In the end, the judge stopped the murram extraction from the property, which was another slap on the face of Aimi Ma Lukenya.

The Sunday Nation has also seen a letter from unnamed members of the society earlier this year to Machakos Governor Wavinya Ndeti. The members were opposing their chairman’s appointment to the Machakos Land Task Force Committee.

In the May 23 letter, the members accused the society’s chairman and other officials of double allocation of plots, selling of plots earmarked for public utilities, regularly siphoning funds from plot owners in the name of bribing authorities, embezzling funds, and issuing death threats to those who raise their voices against the malpractices.

“Mr Julius Mutua (the chairman) has been, for the last few years, facilitating and giving orders to take land by force from members and customers,” they claimed, noting that plots that had previously been sold would be resold at higher prices and the initial owners given areas further inside the property.

Demolished houses

Demolished houses that were built on Portland Cement land in Mavoko, Machakos County, on October 17, 2023. 

Photo credit: Bonface Bogita | Nation Media Group

“A lot of people have bought plots on this particular parcel of land and have kept their plots thinking it is in safe hands, only to be called by their neighbours and told their plots are being sold to third parties. Others have no idea that their plots have been sold,” said the members.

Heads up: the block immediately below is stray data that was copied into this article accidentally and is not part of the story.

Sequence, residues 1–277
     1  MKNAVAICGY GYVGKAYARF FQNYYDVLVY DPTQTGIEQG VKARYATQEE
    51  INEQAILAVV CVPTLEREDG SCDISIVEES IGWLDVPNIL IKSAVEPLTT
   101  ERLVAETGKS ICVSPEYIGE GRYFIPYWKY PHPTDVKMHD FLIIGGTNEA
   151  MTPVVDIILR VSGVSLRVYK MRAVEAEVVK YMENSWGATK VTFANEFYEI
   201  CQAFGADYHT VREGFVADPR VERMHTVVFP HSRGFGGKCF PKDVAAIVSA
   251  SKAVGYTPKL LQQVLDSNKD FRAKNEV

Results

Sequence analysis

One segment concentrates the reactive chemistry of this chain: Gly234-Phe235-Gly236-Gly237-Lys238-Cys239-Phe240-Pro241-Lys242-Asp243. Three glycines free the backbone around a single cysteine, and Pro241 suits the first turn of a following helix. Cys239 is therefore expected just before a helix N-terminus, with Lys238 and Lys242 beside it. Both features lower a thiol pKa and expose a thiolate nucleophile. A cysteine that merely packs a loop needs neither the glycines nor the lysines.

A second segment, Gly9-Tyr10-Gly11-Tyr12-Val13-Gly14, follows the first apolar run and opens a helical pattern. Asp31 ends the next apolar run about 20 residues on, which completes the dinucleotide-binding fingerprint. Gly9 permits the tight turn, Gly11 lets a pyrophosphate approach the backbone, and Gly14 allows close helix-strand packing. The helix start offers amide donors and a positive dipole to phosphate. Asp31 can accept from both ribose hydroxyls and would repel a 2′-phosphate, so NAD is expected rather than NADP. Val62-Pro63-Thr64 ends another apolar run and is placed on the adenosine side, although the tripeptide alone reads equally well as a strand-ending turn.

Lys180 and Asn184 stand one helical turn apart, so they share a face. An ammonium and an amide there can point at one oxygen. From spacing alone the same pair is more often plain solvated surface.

The chairman, however, denies those claims against him and other officials. He blames forces bent on grabbing the land for the “wild” allegations.

In court, the chairman speaks of a society that has had many divisions. He told Justice Kariuki that the property was acquired on May 20, 1980. He added that due to various degrees of contributions towards the purchase, there was a disagreement between members on the ratio of how the land was to be shared.

“It was thus agreed that the same be sold and the proceeds be shared as per the contributions. However, the wrangles persisted and the plan to sell the land was shelved,” reads the judge’s summary of the pleadings.

In 2011, the chairman told the court, the society’s membership resolved that the previous beacons be reset and members given portions.

“It was also resolved that portions of land could be sold to non-members and the proceeds be applied for the benefit of the society,” he told the court.

However, the court heard, some disgruntled members of Aimi Ma Lukenya approached EAPCC “with a view of wrestling control from the duly elected officials” as the chairman pleaded.

With such shaky foundations for the society and concurrences from courts that it has no legal claim to the land, it appears that the parties affected by the demolitions are staring at non-remedied losses.